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PATRIOT, INC. v. U.S. HUD

April 11, 1997

PATRIOT, INC. et al., Plaintiffs,
v.
U.S. DEPARTMENT OF HOUSING AND URBAN DEVELOPMENT et al., Defendants.


HAROLD H. GREENE, United States District Judge


The opinion of the court was delivered by: GREENE

Before the Court is plaintiffs' motion for a preliminary injunction, defendants' opposition, plaintiffs' reply thereto, and a motion to dismiss filed by the Federal National Mortgage Association ("Fannie Mae").

 Patriot, Inc., and America's Trust, two estate and financial planning services from California, challenge certain actions of officials at the Department of Housing and Urban Development ("HUD") and at Fannie Mae. More specifically, they challenge the March 17, 1997 announcement by Assistant Secretary of HUD Nicholas Retsinas that the Federal Housing Administration ("FHA") will no longer insure Home Equity Conversion Mortgages ("reverse mortgages") obtained with the assistance of services such as plaintiffs'.

 I

 The reverse mortgage program was established by Congress in 1988 to enable elderly homeowners to convert equity in their homes into a supplemental income stream. 12 U.S.C. § 1715z-20(a). A reverse mortgage is aptly named; instead of the mortgagor (homeowner) making payments to the mortgagee (lender), the mortgagee makes payments to the mortgagor.

 Patriot provides information on and assistance in obtaining reverse mortgages, and refers clients to an FHA-approved lender to apply for such a loan. When the processing of the loan is completed, Patriot collects a fee for its services, typically 8.5% of the amount of the loan. HUD's role is insuring the reverse mortgage transactions of FHA-approved lenders. After being processed by a lender, the loans are funded by a private company, either TransAmerica HomeFirst, Inc., or Wendover Funding, Inc. Fannie Mae then repurchases the loans from TransAmerica or Wendover.

 From September 1, 1996, until the March 17 announcement, HUD issued, and Fannie Mae repurchased, approximately 115 reverse mortgage loans per month which were obtained through referrals by plaintiffs. At least in part to respond to concerns raised by the American Association of Retired Persons ("AARP") (a recent entrant in the business of marketing variable annuities to seniors through a joint venture with Hartford Life), HUD came to the conclusion that the fees charged by Patriot were too high. The HUD announcement, issued in the form of a press release and "Mortgagee Letter," effectively blocked 279 pending loans referred by Patriot, and denied plaintiffs the ability to be reimbursed for their services on the pending loans. The Mortgagee Letter was not addressed to Fannie Mae, nor did it order Fannie Mae to cease purchasing reverse mortgages procured by Patriot.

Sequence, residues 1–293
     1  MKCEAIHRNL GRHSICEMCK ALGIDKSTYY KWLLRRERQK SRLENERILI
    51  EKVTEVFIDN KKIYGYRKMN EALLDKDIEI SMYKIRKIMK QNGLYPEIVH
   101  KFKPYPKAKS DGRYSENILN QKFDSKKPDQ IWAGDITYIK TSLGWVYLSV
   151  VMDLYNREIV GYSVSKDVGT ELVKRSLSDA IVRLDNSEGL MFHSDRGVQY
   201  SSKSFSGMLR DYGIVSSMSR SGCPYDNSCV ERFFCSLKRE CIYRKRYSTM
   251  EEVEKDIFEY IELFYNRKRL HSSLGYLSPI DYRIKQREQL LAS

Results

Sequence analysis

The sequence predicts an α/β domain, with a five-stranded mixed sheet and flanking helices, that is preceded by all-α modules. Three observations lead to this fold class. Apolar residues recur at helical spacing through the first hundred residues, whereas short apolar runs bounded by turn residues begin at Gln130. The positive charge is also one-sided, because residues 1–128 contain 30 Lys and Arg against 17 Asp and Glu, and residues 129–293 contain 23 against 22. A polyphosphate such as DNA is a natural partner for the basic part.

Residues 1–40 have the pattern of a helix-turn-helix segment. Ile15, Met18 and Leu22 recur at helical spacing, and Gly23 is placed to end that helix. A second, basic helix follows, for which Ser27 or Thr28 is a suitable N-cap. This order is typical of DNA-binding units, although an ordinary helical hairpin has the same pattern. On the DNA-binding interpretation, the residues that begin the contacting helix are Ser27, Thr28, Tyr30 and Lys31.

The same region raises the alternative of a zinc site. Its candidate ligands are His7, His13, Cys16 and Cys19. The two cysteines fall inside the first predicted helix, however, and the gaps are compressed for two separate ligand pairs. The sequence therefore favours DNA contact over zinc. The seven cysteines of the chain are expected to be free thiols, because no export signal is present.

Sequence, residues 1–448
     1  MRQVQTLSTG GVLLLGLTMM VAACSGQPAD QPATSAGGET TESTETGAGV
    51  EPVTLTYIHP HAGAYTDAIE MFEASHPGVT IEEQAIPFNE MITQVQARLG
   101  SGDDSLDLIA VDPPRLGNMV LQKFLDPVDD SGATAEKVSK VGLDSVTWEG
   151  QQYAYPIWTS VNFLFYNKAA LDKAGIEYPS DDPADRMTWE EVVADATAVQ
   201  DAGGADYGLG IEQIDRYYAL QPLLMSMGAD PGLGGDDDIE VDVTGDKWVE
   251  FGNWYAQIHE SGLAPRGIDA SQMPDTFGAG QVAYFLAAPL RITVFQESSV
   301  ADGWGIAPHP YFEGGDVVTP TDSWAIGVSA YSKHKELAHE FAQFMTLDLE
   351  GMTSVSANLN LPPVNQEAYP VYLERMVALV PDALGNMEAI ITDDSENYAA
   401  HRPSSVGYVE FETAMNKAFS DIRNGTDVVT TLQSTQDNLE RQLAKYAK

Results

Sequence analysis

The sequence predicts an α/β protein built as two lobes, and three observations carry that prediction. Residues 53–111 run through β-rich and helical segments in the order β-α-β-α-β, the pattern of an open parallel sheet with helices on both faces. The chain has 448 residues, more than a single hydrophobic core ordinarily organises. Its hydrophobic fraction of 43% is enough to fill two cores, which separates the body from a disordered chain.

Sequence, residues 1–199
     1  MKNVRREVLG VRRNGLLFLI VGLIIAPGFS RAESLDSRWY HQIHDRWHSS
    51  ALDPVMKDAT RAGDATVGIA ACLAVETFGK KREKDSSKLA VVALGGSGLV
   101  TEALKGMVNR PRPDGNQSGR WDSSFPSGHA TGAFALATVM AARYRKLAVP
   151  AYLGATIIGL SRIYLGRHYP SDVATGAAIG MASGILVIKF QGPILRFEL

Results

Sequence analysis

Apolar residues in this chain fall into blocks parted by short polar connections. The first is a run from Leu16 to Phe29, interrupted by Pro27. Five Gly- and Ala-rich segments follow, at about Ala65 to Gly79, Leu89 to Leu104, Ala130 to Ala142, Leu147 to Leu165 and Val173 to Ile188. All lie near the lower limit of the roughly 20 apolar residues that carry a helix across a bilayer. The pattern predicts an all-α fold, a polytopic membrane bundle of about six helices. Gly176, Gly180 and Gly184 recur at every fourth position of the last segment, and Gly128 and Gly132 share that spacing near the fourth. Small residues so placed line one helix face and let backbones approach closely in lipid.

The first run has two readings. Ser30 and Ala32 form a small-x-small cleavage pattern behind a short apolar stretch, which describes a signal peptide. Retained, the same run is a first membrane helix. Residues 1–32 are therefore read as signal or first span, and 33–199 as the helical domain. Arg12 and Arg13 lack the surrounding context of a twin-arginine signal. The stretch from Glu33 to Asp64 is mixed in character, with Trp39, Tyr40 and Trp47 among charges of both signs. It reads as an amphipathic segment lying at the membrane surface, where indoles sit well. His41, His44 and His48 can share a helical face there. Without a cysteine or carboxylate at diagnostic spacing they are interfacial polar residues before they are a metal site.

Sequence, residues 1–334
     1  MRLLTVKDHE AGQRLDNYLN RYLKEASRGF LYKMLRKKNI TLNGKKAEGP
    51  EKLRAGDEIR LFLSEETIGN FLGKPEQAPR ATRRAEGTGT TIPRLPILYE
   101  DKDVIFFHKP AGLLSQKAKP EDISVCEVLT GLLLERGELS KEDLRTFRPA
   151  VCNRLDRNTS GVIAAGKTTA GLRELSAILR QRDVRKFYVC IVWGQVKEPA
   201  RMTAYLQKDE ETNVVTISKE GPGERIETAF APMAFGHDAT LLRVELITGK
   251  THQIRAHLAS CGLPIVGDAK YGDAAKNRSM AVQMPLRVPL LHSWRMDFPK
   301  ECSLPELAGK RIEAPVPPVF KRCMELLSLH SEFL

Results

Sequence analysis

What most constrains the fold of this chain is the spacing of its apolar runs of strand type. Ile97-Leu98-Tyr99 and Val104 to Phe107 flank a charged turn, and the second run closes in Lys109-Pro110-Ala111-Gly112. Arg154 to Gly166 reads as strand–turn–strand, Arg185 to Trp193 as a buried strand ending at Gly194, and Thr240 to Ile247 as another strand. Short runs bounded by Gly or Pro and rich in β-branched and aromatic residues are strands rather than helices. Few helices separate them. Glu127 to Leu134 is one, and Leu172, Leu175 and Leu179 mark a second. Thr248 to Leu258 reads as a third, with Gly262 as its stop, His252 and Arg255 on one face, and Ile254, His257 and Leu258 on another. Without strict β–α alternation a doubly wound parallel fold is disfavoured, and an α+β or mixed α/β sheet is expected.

Plaintiffs argue that the Mortgagee Letter constitutes administrative rulemaking for which HUD has not undertaken the notice and comment procedures required under the Administrative Procedure Act ("APA"), 5 U.S.C. § 551 et seq., and that, in refusing to repurchase the loans referred by plaintiffs, Fannie Mae violated an implied contract with plaintiffs and breached its obligation of dealing in good faith with the public.

 On March 26, 1997, after a hearing on plaintiffs' motion for a temporary restraining order and upon consideration of plaintiffs' motion, *fn1" the Court granted the motion, temporarily enjoined HUD from implementing or enforcing the terms of the March 17 Mortgagee Letter, and enjoined Fannie Mae from refusing to repurchase reverse mortgage loans issued by HUD and obtained through the assistance of plaintiffs.

 II

 A preliminary injunction will be granted if the plaintiffs demonstrate: (1) a substantial likelihood of success on the merits; (2) that they would suffer irreparable injury if the injunction is not granted; (3) that an injunction would not substantially injure other parties; and (4) that the public interest favors entry of a preliminary injunction. CityFed Financial Corp. v. Office of Thrift Supervision, 313 U.S. App. D.C. 178, 58 F.3d 738, 746 (D.C. Cir. 1995). The Court finds that plaintiffs have satisfied this rigorous test as to defendant HUD, but not as to defendant Fannie Mae.

 As a preliminary matter, the Court addresses HUD's challenge to the plaintiffs' standing. HUD argues that plaintiffs are outside the zone of interest sought to be protected by the relevant statute, 12 U.S.C. § 1715z. As an entity which brings together lenders and elderly homeowners with limited income, plaintiffs' services fall within the purpose of this statute, which is to encourage elderly homeowners to obtain such reverse mortgages where necessary and to encourage mortgagees to participate in the program. In the alternative, HUD argues that the actions of HUD were not directed at Patriot, but at HUD's insured lenders. In reality, the Letter could not be more directly aimed at plaintiffs; it specifically identifies both Patriot, Inc., and America's Trust as companies which the lenders must "bar . . . from further participation in the [reverse mortgage] program."

 III

 The plaintiffs appear to be likely to succeed on their claim that HUD's March 17, 1997 letter constitutes a rule requiring notice and comment procedures pursuant to the APA. HUD argues that the Mortgagee Letter is not a substantive rule, but either a policy statement or an interpretive rule, both of which Congress has exempted from the notice and comment requirement. 5 U.S.C. § 553(b)(A). Two criteria distinguish policy statements or interpretive rules from substantive rules. First, an agency action is not a substantive rule if it does not have a present binding effect, that is, if "it does not impose any rights and obligations." American Bus Ass'n v. United States, 201 U.S. ...


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